The bandsaw grinder will have to be modified to minimize damage (dullness) to the sharpened tips of the first side you sharpened. The post brackets will require leather or plastic on them to keep teeth off metal. Your grinder saw carriage will have to be the longer double cut style for the same reason. These parts are listed in the Armstrong parts book. Your Armstrong distributer should be able to help you with these modifications. You will require more grinder floor space and post brackets to grind the “other side.” This will require a feed unit on the back side as well. This requires much more floor space. For your money a Wright Machine air back is best for cost, simplicity, effectiveness and maintenance. If you run Stellite you will have to modify your tipper and side grinder as well.

It is preferable to sharpen the back side of the saw first as this side rides on the saw carriage when you grind the front (primary cutting side). Depending on your manner of breaking down the log, the front edge will be used approximately 10%-30% more than the back edge. The front side always makes the first cut………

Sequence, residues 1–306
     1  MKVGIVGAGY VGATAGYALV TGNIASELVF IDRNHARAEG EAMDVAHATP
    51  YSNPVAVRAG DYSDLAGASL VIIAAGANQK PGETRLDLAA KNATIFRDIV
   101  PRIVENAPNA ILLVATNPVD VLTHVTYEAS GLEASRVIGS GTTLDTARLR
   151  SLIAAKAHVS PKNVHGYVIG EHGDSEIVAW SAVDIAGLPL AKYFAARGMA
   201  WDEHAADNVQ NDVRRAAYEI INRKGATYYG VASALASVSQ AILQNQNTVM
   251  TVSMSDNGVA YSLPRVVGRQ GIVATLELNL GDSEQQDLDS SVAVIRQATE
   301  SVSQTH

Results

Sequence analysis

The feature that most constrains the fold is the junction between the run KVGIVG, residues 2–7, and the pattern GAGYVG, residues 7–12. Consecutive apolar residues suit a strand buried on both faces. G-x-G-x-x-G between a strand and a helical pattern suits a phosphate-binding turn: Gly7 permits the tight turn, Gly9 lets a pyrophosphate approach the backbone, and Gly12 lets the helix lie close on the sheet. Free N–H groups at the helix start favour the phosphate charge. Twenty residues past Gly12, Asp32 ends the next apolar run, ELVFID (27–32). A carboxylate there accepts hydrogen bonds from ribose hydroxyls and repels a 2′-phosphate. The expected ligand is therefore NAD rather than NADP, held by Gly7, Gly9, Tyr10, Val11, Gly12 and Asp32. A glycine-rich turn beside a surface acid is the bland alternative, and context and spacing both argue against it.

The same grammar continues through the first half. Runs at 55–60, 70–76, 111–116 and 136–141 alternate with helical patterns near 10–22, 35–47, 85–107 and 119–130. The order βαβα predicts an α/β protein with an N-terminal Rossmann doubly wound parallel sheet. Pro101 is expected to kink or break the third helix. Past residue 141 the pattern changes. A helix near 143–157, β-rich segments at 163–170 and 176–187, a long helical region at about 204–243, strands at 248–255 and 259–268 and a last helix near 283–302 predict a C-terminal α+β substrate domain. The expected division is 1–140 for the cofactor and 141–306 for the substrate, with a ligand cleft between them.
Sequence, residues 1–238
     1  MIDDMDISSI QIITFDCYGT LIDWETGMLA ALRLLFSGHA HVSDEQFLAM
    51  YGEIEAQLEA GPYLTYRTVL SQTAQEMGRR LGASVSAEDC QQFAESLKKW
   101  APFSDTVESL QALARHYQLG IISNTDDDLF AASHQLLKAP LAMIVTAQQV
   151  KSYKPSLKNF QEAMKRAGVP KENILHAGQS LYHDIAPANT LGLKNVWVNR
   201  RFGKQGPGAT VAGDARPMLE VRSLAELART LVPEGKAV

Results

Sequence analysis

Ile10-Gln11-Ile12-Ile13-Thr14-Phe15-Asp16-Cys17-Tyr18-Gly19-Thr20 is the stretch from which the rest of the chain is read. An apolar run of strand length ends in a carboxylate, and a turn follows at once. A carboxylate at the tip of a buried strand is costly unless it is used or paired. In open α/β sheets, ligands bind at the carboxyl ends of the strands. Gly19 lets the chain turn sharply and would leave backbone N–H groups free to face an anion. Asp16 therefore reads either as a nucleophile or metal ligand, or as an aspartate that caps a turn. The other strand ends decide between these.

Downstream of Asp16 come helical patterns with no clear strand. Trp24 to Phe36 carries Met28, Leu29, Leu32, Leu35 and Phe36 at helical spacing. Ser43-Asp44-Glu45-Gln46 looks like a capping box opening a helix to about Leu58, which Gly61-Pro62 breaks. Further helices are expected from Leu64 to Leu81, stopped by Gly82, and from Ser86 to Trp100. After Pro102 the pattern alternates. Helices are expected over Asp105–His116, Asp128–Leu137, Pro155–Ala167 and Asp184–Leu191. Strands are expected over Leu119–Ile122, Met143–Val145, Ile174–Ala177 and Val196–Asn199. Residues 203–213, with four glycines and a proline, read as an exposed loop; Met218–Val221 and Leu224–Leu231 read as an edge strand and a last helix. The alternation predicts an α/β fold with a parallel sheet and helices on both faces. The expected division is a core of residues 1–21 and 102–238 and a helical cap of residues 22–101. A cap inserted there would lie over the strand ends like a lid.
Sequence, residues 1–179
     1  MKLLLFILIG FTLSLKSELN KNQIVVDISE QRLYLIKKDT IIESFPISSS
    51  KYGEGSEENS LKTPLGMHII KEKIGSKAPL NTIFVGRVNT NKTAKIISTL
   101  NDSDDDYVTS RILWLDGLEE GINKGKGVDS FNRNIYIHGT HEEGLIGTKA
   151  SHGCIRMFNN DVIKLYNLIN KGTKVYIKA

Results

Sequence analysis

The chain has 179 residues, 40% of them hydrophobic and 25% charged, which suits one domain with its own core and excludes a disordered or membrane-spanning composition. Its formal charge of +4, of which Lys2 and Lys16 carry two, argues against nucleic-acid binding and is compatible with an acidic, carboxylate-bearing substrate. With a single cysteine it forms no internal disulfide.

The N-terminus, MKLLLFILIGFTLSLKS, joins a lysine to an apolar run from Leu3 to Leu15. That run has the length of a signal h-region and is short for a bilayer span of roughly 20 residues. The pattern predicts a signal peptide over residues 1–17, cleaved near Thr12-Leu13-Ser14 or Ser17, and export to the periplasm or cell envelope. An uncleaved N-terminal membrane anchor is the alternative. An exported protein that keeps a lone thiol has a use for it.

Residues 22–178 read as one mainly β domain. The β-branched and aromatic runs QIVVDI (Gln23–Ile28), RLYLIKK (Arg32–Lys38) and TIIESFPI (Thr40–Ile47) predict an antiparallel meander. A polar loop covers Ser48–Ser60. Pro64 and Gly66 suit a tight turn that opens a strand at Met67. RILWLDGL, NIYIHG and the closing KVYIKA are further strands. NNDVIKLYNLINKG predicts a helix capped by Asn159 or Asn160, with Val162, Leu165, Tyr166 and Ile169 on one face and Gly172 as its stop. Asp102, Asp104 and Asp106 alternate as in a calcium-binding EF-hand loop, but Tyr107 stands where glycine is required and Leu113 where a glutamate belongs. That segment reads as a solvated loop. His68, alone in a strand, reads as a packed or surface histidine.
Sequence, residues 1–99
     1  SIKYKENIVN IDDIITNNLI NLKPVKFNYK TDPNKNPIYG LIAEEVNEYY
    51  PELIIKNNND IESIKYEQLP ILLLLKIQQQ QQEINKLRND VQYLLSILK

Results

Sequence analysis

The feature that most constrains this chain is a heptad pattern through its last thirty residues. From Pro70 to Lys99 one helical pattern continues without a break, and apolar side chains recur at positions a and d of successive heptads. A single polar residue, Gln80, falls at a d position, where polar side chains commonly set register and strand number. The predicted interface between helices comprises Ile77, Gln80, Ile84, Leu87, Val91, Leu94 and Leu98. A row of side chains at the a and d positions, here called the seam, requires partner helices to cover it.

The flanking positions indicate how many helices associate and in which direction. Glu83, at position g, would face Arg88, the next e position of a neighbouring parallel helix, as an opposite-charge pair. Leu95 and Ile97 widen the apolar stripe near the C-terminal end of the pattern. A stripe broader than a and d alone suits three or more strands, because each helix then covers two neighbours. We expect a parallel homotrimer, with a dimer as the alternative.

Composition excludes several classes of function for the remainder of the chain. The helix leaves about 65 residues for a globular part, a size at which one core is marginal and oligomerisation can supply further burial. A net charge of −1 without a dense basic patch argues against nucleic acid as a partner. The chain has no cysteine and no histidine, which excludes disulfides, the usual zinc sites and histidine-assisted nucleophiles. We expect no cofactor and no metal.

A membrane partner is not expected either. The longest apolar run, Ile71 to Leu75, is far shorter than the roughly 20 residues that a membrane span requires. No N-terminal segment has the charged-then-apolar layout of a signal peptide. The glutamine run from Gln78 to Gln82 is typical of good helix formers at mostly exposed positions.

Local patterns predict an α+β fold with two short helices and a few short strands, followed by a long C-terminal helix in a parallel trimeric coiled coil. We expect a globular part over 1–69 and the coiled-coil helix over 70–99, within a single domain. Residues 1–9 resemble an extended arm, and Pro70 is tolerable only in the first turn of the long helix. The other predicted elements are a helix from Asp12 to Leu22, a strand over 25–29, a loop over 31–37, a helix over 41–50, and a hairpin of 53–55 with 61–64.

Bandsaw:

The saw width and gullet overhang are two very important considerations. The new saw width must be such that the gullet overhang is kept to a minimum. This keeps the cutting edge of the saw supported for optimum sawing performance. Overhang must not exceed ½” per side as saw performance will be adversely affected due to lack of support and you may get gullet cracks as well. ¼” overhang per side would be considered optimum. The saw must be discarded when the gullets get on the wheel edge. If your mill isn’t very forgiving with gullet cracks, you may have to reduce this number to ¼” maximum per side. The guides may have to be slightly modified to keep the gullets/tips from sawing the guides out.